## Abstract

The Groningen gas field in the Netherlands is the world's 7th largest onshore gas field and has been producing from 1963.

Since 2013, the year with the highest level of induced seismicity, the reservoir is monitored by two geophone strings at reservoir level at about 3 km depth.

For borehole SDM, 10 15-Hz geophones are positioned from 30 m above the reservoir to 240 m within the reservoir with a geophone spacing of 30 m.

We used seismic interferometry to determine, accurately as possible, the inter-geophone P-wave velocity from the ambient noise.

We used 1-bit normalization and spectral whitening, together with a bandpass filter from 3 to 400 Hz. After that, for each station pair, the normalized cross-correlation was calculated for 6 seconds segments with 2/3 overlap.

These segmented cross-correlations were stacked for every hour. Finally, 24(hours)*33(days) segments were obtained for each station pair.

So, in total, for the 10 geophones, 10! of these cross-correlation pairs were calculated for each of the 3 components.

We found that during the day the noise is dominated by cultural noise from the surface.

The cross-correlations show both day-and-night and weekly variations reflecting these fluctuations in cultural noise.

The apparent P-wave travel time for each geophone pair is measured from the maximum of the vertical component cross-correlation for each of the hourly stacks.

Because the distribution of these (24*33) picked travel times is not Gaussian but skewed, we used Kernel density estimations (KDEs) to obtain probability density functions of the travel times.

The maximum likelihood travel times of all the geophone pairs was subsequently used to determine inter-geophone P-wave velocities.

A good agreement was found between our estimated velocity structure and the P velocity structure obtained from well logging, with errors is less than 5%.

It is concluded that noise interferometry can be used to determine the seismic velocity structure from deep borehole data. It might potentially even be possible to monitor seismic variations in reservoirs if the velocity variations are sufficiently large.

Since 2013, the year with the highest level of induced seismicity, the reservoir is monitored by two geophone strings at reservoir level at about 3 km depth.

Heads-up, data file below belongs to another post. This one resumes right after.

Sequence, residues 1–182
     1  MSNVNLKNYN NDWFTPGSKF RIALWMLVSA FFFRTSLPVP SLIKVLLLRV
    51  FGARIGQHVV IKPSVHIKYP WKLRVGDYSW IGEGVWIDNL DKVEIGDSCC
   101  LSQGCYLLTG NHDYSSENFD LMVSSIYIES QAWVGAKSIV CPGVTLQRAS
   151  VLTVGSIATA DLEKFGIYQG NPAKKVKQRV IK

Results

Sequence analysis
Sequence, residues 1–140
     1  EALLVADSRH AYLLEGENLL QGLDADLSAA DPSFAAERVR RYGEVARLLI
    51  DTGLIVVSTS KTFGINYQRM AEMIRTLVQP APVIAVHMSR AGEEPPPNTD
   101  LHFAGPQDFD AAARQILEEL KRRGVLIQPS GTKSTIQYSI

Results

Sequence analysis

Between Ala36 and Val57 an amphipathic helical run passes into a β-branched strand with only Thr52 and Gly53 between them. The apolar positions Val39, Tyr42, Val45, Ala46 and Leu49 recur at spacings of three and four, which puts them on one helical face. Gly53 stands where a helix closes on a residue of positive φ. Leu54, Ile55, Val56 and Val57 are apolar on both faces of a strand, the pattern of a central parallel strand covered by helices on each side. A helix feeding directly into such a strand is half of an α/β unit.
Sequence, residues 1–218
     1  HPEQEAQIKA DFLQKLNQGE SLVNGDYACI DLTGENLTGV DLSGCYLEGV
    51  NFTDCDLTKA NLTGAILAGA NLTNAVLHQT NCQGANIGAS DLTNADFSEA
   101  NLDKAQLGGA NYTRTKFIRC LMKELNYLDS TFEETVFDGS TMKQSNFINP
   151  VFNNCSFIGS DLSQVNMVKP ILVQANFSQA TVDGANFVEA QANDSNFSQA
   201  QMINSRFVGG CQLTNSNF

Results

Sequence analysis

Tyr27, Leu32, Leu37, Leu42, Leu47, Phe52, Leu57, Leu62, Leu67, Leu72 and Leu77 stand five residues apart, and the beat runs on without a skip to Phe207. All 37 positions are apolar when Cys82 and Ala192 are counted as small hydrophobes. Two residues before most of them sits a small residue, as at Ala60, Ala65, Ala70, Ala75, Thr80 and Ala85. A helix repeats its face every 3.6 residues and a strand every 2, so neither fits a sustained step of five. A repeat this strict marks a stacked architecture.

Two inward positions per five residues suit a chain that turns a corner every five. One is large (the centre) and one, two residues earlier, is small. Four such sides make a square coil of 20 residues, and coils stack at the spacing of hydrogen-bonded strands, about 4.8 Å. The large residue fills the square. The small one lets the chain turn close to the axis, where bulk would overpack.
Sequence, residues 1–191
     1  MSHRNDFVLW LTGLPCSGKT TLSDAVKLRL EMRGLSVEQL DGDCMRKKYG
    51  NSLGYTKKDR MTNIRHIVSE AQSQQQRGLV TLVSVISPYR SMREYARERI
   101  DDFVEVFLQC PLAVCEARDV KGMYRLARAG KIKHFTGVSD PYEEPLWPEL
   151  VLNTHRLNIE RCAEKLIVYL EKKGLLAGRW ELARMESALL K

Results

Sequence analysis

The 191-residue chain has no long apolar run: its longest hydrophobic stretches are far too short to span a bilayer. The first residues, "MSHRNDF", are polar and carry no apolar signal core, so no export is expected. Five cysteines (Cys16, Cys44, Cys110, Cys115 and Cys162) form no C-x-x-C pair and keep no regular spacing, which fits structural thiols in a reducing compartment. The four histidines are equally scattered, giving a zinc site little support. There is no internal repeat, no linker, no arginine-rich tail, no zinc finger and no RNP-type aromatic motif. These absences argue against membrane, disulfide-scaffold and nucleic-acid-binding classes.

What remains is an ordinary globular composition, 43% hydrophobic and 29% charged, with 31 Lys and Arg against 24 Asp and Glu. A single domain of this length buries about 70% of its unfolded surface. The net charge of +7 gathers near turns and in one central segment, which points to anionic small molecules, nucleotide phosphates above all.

For borehole SDM, 10 15-Hz geophones are positioned from 30 m above the reservoir to 240 m within the reservoir with a geophone spacing of 30 m.

We used seismic interferometry to determine, accurately as possible, the inter-geophone P-wave velocity from the ambient noise.

We used 1-bit normalization and spectral whitening, together with a bandpass filter from 3 to 400 Hz. After that, for each station pair, the normalized cross-correlation was calculated for 6 seconds segments with 2/3 overlap.

These segmented cross-correlations were stacked for every hour. Finally, 24(hours)*33(days) segments were obtained for each station pair.

So, in total, for the 10 geophones, 10! of these cross-correlation pairs were calculated for each of the 3 components.

We found that during the day the noise is dominated by cultural noise from the surface.

The cross-correlations show both day-and-night and weekly variations reflecting these fluctuations in cultural noise.

The apparent P-wave travel time for each geophone pair is measured from the maximum of the vertical component cross-correlation for each of the hourly stacks.

Because the distribution of these (24*33) picked travel times is not Gaussian but skewed, we used Kernel density estimations (KDEs) to obtain probability density functions of the travel times.

The maximum likelihood travel times of all the geophone pairs was subsequently used to determine inter-geophone P-wave velocities.

A good agreement was found between our estimated velocity structure and the P velocity structure obtained from well logging, with errors is less than 5%.

It is concluded that noise interferometry can be used to determine the seismic velocity structure from deep borehole data. It might potentially even be possible to monitor seismic variations in reservoirs if the velocity variations are sufficiently large.

Original language | English |
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Publication status | Published - 2016 |

Event | COST action TIDES2016: Seismic noise - Sesimbra, Portugal Duration: 18 Sept 2016 → … |

### Conference

Conference | COST action TIDES2016 |
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Country/Territory | Portugal |

City | Sesimbra |

Period | 18/09/16 → … |